Razer Phone: Do we Need A Gamer-Centric Smartphone?
Today's smartphones are powerful pieces of equipment we carry around in our pockets wherever we go. And they are quite powerful, too, capable of handling all of our everyday tasks, from emails, news, and music to printing, playing the games at montrealonlinecasino.ca and basically whichever else we might find attractive. People already spend a great deal of their time playing smartphone games, enough to propel mobile into the top spot of the most lucrative gaming platforms this year. And it is expected to grow further in the coming years. In such a context, the release of the Razer Phone, a handset aimed at mobile gamers, seems to be the logical step. Logical, yes, but is it necessary?
When you strip away its brand and its extra features, the Razer Phone is very much like other leading flagship devices released this year. It is powered by Qualcomm's Snapdragon 835 chipset, used by many smartphone manufacturers - like Samsung in the US edition of its Galaxy S8 line, Google's new Pixel handsets, Sony's Xperia XZ Premium, and the list could go on and on. It does come with 8GB of RAM, which is unusual at this time but not unheard of. And its battery is larger than average, which makes it a better fit for playing games on the go.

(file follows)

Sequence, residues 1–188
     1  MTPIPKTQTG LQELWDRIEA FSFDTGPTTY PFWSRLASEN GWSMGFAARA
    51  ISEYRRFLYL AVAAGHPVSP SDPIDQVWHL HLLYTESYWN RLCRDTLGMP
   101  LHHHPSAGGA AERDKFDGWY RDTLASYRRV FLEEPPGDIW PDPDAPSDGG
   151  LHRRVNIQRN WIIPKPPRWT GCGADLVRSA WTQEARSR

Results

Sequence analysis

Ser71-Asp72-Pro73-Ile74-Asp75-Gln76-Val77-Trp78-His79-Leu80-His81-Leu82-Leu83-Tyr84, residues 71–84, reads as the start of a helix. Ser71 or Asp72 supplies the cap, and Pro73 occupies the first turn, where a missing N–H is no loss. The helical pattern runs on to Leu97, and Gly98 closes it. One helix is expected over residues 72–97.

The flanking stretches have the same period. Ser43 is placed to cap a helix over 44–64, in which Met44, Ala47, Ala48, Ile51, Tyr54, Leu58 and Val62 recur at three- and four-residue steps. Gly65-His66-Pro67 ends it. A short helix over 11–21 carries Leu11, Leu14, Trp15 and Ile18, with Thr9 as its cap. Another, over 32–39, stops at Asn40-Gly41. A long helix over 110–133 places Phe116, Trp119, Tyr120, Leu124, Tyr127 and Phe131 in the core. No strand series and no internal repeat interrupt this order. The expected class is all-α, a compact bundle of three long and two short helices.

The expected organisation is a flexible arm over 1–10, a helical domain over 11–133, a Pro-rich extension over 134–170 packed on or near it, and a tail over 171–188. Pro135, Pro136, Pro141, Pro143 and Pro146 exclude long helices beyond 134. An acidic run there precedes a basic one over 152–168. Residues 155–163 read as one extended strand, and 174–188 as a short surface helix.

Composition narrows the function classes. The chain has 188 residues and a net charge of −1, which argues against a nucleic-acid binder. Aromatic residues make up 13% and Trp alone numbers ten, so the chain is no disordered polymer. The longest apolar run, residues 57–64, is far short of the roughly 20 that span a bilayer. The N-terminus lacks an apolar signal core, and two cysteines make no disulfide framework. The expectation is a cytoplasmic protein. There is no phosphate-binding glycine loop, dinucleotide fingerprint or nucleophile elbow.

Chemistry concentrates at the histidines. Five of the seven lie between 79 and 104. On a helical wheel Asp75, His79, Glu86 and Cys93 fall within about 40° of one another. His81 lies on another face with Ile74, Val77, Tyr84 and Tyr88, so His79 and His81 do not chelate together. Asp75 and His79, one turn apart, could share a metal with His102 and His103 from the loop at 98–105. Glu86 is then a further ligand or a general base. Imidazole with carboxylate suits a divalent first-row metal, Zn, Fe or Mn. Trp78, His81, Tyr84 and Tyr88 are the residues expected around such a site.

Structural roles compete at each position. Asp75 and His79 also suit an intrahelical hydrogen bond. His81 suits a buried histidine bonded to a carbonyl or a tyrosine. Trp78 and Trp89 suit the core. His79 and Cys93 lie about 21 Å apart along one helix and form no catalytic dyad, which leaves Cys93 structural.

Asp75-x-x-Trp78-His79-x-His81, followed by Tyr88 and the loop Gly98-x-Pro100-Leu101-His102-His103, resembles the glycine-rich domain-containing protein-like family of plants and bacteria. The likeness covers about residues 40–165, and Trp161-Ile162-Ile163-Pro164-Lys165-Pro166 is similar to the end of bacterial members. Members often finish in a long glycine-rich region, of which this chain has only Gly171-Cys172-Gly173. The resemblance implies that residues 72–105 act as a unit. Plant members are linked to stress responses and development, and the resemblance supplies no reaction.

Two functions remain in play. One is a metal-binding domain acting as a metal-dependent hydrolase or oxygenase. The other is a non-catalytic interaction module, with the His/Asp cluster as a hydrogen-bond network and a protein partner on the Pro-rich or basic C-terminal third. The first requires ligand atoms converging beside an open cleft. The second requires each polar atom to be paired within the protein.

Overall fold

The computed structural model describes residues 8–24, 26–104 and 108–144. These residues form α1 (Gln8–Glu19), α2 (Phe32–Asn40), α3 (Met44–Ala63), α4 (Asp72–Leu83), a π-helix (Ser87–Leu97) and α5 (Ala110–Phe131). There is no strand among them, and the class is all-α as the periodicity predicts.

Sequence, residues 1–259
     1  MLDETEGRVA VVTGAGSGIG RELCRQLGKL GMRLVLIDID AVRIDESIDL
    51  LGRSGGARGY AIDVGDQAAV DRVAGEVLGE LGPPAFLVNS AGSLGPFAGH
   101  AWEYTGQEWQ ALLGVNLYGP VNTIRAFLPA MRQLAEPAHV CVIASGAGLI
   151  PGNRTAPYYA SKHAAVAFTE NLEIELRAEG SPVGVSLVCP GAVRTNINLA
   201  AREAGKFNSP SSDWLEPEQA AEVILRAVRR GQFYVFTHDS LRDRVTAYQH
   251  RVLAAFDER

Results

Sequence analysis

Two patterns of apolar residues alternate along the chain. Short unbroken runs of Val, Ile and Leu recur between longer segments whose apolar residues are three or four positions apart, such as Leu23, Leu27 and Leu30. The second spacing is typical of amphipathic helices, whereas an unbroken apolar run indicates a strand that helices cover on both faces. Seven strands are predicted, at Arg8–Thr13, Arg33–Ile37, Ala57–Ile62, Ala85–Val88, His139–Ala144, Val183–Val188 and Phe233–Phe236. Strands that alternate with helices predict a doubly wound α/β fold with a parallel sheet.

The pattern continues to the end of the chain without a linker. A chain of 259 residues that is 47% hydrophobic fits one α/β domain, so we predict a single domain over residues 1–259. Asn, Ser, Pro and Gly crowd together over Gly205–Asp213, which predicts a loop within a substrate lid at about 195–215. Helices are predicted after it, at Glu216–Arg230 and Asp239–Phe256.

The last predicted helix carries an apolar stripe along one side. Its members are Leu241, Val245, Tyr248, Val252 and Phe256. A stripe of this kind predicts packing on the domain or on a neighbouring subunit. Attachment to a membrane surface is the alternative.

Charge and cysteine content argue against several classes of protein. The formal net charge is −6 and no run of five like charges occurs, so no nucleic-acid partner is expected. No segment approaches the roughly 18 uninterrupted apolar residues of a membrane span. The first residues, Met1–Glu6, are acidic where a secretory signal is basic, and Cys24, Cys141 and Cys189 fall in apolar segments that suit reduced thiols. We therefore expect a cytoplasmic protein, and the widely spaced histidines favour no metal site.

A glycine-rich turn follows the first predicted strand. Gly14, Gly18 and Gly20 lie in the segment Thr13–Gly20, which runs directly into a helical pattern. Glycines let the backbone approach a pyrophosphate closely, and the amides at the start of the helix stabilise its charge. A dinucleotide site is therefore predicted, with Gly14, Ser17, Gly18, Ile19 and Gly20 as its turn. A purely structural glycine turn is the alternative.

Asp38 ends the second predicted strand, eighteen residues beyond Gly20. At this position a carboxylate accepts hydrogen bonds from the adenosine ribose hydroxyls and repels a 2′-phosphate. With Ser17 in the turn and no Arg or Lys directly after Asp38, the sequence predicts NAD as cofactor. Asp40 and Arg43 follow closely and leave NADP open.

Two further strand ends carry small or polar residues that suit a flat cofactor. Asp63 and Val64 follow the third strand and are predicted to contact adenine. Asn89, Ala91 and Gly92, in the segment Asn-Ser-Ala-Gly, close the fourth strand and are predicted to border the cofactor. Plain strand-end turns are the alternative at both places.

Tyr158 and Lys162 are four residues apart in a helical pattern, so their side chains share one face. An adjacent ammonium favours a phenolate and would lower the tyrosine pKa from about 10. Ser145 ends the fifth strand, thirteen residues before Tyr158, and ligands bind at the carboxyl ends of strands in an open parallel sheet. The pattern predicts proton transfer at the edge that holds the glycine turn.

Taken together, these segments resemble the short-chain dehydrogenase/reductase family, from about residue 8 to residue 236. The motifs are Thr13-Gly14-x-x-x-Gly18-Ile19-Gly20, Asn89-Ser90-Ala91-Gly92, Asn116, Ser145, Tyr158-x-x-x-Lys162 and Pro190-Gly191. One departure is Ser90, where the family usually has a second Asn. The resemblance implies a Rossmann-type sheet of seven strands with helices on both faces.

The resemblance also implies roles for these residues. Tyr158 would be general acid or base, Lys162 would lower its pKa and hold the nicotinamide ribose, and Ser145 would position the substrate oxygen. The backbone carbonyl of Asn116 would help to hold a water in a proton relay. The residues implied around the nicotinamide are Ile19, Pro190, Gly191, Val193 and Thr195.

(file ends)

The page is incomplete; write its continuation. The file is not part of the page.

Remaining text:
The finer things
There are some things about the Razer Phone that make it a better choice for mobile gaming enthusiasts. For one, it has a design that makes it easier to grip - it ditched the curved body, widespread among today's leading phones, for a more blocky one with edges that are almost sharp. Besides, it has a pair of front-facing speakers instead of one placed on the back, like its competitors, backed by a THX-certified audio chip for the best possible sound quality. Plus, it has a 5.7" 120Hz screen, which ensures seamless scrolling and an amazing frame rate in every game its owner might want to run on it.
What makes the Razer Phone truly special is the Taiwanese manufacturer's Game Booster software. It is well-known among PC gamers already - it has the capability to tweak the computers' settings in order to help players get the most out of their hardware for a seamless and high-quality gaming experience. The Android version of the software will do the same, only on the go, allowing players to fine-tune their gaming experience on the go. The app is already available through Google's Play Store, and only runs on smartphones with Android 7.0.1 and up.
While a gamer-centric smartphone is not necessarily a must-have item, the release of the Razer Phone is still justified. It will not become an overnight success among smartphone users (after all, it lacks the brand power of Samsung and the attractive prices of its Chinese counterparts) but it sets a new standard for the smartphone manufacturers of the future, showing them that they, too, will be able to offer an improved gaming experience and still have a competitive price (the Razer Phone has a price similar to Samsung's Galaxy S8+).